As a college student, I could only tolerate a few classes at a large junior college.  I tried to focus on my goal of learning and studying journalism, advertising, and public relations, yet I daydreamed about my real goal:  MEET TOM JONES.  When Los Angeles Times reporter, Robert Hilburn, wrote an article in Westways Magazine pullout section, I responded with a letter to the editor.  In the fossil-like, pre-Facebook days when every family was listed in the phone book, I received a lot of positive responses in the form of letters sent to my home.

I heard from a lot of Tom Jones fans, the president of a fan club “chapter” based in Orange County, called Tom’s Boosters, an Engelbert Humperdinck fan, and even my third grade teacher.  I discovered the “chapter” fan clubs were made of the hardcore fans consisting of the heart and soul of the singer’s fan base. I learned how important the chapter fan clubs were because the president of Tom’s Boosters sent me a photograph of her and her vice-president standing next to Tom Jones.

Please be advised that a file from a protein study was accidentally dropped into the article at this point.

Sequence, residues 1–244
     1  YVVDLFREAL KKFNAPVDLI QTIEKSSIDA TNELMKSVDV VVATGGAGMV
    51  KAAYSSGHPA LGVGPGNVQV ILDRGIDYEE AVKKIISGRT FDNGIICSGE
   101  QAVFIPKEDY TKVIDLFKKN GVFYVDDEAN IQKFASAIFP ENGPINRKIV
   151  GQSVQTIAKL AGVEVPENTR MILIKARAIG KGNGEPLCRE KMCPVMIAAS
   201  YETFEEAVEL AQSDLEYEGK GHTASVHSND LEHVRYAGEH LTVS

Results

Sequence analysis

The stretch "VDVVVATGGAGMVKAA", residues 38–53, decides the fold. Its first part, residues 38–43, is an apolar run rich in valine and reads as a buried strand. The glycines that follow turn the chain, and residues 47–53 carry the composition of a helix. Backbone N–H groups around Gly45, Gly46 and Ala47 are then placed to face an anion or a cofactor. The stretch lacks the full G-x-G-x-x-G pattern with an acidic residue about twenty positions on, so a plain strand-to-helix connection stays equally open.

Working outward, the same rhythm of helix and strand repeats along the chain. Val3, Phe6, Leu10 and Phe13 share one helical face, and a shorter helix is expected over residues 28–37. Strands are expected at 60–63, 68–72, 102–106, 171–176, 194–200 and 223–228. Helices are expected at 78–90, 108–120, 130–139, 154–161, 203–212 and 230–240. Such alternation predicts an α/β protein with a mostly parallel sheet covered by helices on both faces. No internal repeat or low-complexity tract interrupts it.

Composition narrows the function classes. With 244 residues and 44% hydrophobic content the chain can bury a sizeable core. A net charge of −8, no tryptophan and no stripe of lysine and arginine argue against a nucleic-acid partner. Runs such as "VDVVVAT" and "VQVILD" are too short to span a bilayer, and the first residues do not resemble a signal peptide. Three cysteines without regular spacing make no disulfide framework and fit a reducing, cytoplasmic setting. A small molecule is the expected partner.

Engelbert Humperdinck

 

 

 

 

 

 

 

 

So dreams do come true! Suddenly, twirling around in my teenage head I heard those little birdies chirping and a falsetto singing, “Some day my prince will come…  Some day when my dreams come true.” (“My Prince Will Come,” song from Snow White and the Seven Dwarfs, Disney)

I immediately joined the Orange County chapter, Tom’s Boosters.  Another favorite chapter was called This is Tom Jones.  It was set up like a clipping service, where fans sent clippings from newspaper articles or reviews throughout the country and the chapter president (if I recall correctly, was based in Michigan) compiled, printed, and sent them out to TJ fans all across the US.  It kept us all abreast of TJ news in a world that did not yet have Entertainment Tonight and Extra on TV, or People and OK Magazine, let alone the internet.